NEW YORK -- The rate of late mortgage payments dropped in the first quarter for the first time since 2006, according to credit reporting agency TransUnion.
The 60-day delinquency rate slipped to 6.77 percent, from 6.89 percent in the fourth quarter of 2009. That was the first decline after 12 consecutive quarters of steady increases, TransUnion said.
The first-quarter figure still represents a substantial jump from a year ago, when delinquencies were at 5.22 percent. But FJ Guarrera, vice president in TransUnion's financial services business unit, said it's still good news.
"To see it turn down is a very, very strong sign," Guarrera said, adding that positive economic indicators like Friday's increase in job creation make the outlook even better.
"We cannot characterize it as a trend yet, but we anticipate that things will continue to improve." TransUnion expects another decrease for the current quarter, and then for the delinquency rate to stabilize for the rest of the year.
TransUnion measures the rate using mortgage payments that are 60 days late, or two skipped months. The figure is considered an important indicator of likely foreclosure, because of the difficulty someone in financial distress would have coming up with three payments to bring their mortgage current.
The company forecasts the delinquency rate will be about 6.3 percent by the end of the year.
In the first quarter of 2011, TransUnion expects late mortgage payments to start a significant decline. By the end of next year, the rate could be close to 5 percent, Guarrera said.
Historically, mortgage delinquencies hovered around 1.5 or 2 percent.
Delinquency rates remain the highest in the four states hit hardest by the housing market collapse: Nevada, at 15.98 percent, Florida, at 14.65 percent, Arizona, at 10.94 percent and California, at 10.68 percent.
TransUnion said the rate could top 18 percent in Florida by the end of the year. Nevada and Arizona will likely remain close to their current rates through 2011.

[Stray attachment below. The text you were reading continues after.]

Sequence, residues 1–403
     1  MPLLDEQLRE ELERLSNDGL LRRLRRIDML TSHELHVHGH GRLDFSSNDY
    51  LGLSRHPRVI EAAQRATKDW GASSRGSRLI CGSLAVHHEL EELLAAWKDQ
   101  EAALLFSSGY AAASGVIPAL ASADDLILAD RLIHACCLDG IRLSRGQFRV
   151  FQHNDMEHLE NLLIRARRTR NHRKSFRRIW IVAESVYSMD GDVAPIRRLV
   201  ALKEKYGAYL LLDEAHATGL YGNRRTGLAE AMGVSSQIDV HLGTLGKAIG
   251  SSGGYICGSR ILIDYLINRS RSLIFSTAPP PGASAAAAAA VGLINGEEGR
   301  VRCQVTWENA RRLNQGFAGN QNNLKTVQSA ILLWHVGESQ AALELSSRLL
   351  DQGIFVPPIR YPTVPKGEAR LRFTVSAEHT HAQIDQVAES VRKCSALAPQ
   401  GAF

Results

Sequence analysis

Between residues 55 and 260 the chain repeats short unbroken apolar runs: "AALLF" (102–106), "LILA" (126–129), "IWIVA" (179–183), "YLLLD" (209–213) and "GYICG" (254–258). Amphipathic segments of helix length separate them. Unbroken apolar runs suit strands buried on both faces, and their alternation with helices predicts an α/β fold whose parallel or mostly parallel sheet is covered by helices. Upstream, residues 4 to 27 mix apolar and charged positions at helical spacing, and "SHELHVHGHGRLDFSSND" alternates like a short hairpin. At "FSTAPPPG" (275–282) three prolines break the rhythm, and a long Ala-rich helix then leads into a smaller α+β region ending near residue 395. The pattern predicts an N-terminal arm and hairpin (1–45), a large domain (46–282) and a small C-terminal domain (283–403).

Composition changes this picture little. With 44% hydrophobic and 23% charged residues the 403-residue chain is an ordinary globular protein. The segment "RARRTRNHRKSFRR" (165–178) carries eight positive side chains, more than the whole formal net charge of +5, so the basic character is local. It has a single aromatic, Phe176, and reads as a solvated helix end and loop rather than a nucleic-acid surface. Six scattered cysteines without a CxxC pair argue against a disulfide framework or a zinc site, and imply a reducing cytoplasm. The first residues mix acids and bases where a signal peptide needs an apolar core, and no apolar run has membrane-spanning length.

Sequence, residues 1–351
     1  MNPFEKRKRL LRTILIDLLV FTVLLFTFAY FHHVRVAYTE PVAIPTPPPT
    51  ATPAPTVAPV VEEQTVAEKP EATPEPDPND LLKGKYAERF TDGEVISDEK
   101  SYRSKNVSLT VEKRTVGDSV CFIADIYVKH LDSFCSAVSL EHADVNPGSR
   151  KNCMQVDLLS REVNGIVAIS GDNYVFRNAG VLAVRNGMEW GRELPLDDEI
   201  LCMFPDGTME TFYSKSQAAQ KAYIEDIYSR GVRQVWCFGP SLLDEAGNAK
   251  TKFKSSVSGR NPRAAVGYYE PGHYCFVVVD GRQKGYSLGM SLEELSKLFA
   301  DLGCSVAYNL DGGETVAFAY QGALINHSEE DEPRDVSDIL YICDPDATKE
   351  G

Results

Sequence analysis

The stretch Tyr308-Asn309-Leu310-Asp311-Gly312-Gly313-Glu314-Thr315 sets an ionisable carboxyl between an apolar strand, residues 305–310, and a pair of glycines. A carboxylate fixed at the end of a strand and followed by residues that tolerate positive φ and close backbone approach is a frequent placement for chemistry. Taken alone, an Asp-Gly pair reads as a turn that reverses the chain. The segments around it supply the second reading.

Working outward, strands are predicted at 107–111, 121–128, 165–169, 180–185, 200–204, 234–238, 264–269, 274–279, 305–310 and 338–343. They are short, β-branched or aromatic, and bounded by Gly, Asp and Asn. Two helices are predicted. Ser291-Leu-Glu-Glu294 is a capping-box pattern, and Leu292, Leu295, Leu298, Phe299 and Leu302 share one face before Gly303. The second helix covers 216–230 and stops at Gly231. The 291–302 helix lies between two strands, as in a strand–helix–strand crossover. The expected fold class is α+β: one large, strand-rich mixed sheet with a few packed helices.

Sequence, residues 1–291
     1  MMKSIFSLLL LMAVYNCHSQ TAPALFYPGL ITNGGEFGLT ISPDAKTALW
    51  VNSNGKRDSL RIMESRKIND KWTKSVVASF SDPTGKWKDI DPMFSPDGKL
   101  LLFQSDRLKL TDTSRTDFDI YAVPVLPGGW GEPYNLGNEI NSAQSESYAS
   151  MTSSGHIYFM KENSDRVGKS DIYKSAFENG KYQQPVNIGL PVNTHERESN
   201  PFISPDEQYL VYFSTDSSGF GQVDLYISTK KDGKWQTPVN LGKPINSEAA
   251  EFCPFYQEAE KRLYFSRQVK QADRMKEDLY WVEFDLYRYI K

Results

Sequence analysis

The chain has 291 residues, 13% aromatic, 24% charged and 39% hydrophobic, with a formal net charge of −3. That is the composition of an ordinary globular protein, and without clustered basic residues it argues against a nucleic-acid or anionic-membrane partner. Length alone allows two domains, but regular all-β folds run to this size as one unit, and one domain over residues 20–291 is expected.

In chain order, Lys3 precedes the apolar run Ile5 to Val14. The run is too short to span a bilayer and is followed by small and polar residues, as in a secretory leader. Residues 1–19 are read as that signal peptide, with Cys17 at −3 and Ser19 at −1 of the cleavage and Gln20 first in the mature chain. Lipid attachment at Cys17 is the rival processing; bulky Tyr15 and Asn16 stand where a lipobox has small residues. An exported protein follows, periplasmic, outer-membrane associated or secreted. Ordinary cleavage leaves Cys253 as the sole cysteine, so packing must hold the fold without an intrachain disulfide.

"I really do believe it will take longer in those states for improvement," Guarrera said. These states were left with a bigger surplus of housing that remained unsold during the recession. The surplus will likely keep pressure on housing prices, and make it harder for homeowners to refinance or get out from under mortgages that exceed the value of their homes. That increases the temptation to walk away from a mortgage and let the house slip into foreclosure.
California could see a slight decline in delinquencies by the end of 2010.
Delinquency rates remain the lowest in North Dakota, at just 1.76 percent, and South Dakota, at 2.44 percent.
The figures are culled from about 27 million randomly sampled credit files in TransUnion's database, representing about 10 percent of U.S. consumers who have active loans outstanding.
While the overall news is positive, Guarrera said it's still difficult to predict what might happen in coming months. "There's still a lot of uncertainty in the housing market," he said. "There's still a lot of delinquency out there, and home values have not started to improve."